Domestic flights surely don’t have to be so difficult?

Gerry O'Brien, AKTII

Are there creative minds capable of simplifying the process of domestic flight? Gerry O'Brien throws down the gauntlet.

It is of course fantastic news to hear the Government’s commitment to invest billions of pounds in the rail infrastructure of the North of England.

It’s aim is to reduce journey times between Metropolitan areas which collectively constitute a population of a similar size to London.

History often has a way of repeating itself and it would be wonderful to see re-empowerment of these areas some of which were the powerhouses behind the industrial revolution and the consequent bubble of economic comfort that we as Brits have now had the fortune to occupy for centuries.

In the  people who chose to live in the North of England and the cities of Scotland there is a fantastic resource remains both tantalisingly close and tantalisingly out of reach of really effective engagement with London, our present day powerhouse, and through that the wider world.

"One would imagine that it must surely be possible to conceive of a situation where you simply walk up and board a plane much as a National Express coach."

But perhaps rail is not the only option that we have to try and facilitate a speedy and substantive link to this resource. For many years now I have wondered that no entrepreneurial soul had managed to invent an effectively “turn up and go” plane link; a service that takes all of the time and hassle out of catching a domestic flight. I suppose this thought first entered my mind around 15 years ago when I was courting my now wife. She was living in Glasgow and I in London.

Every other weekend I would fly up to Scotland, have a wonderfully pleasant weekend and then on Monday morning catch the 6am plane and be at my desk in Farringdon by between 8 and 8.30am. Not a short commute but my present day Battersea to Farringdon commute, all of 5 miles, takes around an hour most days.

I revisited this idea recently when we were asked to look at a site in Edinburgh close to the City bypass for a client. The site was within a few miles of Edinburgh Airport and so I thought that I should probably be able to shoot up there examine the site and get myself back to London within a working day.

But in reality this was much more difficult than I had hoped which was a disappointing realisation.

The world has moved on considerably from my courting days, and with smartphones, biometric recognition systems etc one would imagine that it must surely be possible to conceive of a situation where you simply walk up and board a plane much as a National Express coach. The faffing around at either end of a domestic UK flight sucks the life out of what could be a real opportunity for this country by adding hours of uncertainty and waiting to any plans.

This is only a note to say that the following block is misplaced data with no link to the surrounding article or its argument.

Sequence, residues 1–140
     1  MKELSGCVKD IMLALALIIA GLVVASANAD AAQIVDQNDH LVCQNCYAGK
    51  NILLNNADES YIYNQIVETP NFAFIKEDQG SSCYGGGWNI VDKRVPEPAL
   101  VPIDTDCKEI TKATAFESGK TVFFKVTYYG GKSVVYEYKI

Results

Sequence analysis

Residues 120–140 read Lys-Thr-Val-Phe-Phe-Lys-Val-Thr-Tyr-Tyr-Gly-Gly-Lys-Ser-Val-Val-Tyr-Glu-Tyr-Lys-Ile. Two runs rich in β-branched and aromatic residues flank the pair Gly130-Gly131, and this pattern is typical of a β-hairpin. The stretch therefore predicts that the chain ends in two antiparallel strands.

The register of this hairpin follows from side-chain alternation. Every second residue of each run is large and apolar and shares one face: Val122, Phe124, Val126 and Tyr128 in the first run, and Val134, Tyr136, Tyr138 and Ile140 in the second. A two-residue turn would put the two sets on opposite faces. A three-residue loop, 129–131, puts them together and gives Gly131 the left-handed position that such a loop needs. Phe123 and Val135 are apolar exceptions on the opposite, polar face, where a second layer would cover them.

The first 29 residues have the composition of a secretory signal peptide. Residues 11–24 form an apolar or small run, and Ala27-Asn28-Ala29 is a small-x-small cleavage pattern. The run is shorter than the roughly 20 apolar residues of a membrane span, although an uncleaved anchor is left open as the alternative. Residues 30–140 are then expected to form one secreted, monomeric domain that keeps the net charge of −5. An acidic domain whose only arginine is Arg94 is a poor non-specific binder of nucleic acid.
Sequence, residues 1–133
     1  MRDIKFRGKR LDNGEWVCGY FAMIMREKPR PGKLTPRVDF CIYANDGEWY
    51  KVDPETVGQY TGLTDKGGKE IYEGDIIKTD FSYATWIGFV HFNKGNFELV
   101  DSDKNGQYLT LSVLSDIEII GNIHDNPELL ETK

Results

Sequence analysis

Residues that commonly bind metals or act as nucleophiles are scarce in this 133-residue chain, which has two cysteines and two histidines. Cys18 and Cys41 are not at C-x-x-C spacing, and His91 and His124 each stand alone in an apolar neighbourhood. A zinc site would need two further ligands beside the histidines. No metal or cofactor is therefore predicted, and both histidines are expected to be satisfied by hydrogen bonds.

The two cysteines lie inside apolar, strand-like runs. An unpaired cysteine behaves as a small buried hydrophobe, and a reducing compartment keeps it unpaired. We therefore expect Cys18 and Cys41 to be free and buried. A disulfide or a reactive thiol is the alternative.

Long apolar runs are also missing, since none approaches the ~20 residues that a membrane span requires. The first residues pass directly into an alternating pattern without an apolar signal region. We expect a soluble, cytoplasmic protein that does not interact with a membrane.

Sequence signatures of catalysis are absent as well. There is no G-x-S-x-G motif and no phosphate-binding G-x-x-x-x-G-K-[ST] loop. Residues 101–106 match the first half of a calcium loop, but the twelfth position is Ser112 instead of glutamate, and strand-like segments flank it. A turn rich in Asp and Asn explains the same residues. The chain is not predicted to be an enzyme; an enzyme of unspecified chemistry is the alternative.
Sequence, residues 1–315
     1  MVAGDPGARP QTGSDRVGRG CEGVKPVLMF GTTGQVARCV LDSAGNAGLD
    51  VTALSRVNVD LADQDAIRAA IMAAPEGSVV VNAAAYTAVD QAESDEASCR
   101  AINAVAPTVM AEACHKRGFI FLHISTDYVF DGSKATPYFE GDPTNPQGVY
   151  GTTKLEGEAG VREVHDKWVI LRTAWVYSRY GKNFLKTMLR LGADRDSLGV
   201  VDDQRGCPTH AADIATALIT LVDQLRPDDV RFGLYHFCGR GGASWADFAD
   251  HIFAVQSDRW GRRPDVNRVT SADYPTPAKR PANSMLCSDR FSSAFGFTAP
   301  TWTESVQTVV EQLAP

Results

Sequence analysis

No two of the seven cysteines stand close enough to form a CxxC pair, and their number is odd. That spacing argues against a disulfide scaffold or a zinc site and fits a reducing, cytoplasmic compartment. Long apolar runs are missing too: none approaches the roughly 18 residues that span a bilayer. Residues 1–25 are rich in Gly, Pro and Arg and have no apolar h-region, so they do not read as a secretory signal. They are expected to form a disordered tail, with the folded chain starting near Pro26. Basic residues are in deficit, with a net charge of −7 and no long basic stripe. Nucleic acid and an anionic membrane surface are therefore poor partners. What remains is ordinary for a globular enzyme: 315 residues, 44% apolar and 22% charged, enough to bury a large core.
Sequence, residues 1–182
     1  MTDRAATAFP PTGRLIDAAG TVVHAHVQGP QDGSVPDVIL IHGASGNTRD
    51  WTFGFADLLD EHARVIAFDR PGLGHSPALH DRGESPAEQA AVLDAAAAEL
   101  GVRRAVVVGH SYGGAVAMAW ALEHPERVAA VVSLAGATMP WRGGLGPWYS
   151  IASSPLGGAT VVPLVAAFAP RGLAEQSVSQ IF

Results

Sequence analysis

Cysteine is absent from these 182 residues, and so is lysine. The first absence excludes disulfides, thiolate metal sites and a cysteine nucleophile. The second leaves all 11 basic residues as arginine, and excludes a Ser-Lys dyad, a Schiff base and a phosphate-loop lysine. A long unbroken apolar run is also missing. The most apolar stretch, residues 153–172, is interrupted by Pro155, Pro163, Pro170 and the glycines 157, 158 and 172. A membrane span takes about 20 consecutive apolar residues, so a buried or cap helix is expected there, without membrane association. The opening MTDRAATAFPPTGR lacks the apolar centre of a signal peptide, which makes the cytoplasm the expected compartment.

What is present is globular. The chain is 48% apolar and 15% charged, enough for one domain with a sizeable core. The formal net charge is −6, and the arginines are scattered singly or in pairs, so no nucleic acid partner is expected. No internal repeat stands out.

But if we could simplify this interface and improve city centre connections from the many small airports which we possess the UK could at a step become a much more accessible place. Given that the majority of cities in the UK sit within or around a 1 hour flight time, with frequent small planes we could properly link into the potential of northern metropolitan centres of skill/ excellence. 

Whilst clearly I am oversimplifying what is very likely a complex issue with many latent challenges I would like to think that there are many creative minds out there who kind find opportunity in this sort of scheme. Can we make it work? The gauntlet has been thrown down?

Gerry O’Brien is a partner at structural enginering specialist AKTII.


I remember that British Airways used to run what was almost a turn-up-and-go service between Heathrow and Manchester, Belfast and Edinburgh. I wonder whether the economics of the modern airline industry have put paid to that concept?
And that BA shuttle was in parallel with a British Midland one. Not cheap. I took to buying full fare tickets for the trip home because they guaranteed you a seat if you turned up for a flight on time. Of course, the guarantee wasn't that wonderful because if the plane was full it would take an hour to get a new one lined up (ie you would be put on the next one) but at least, at the end of the day you wouldn't be left behind. Also, BM and BA tickets were transferrable. When I was young and fit I once did 4 minutes from tube doors opening to push back including changing my ticket from BA to BM. If you tried to move that fast through Terminal 1 now you would oprobabkly be shot before you got 50 yards.
But it will still burn inexcusable quantities of fuel and get you from Edinburgh Runway to London stack in 50 minutes! The real journey is pretty much as quick by train now at 0.003 gallons per passenger mile.
Did you forget about climate change...? Encouraging short-haul aviation is surely just the most selfish thing you could promote.
And would you let 6 or 20 young Muslim men on board with no prior passport checks, and no baggage checks? The current process -wherever you fly - is to maintain highest security. That cannot be done with a walk-on service. The world has changed ........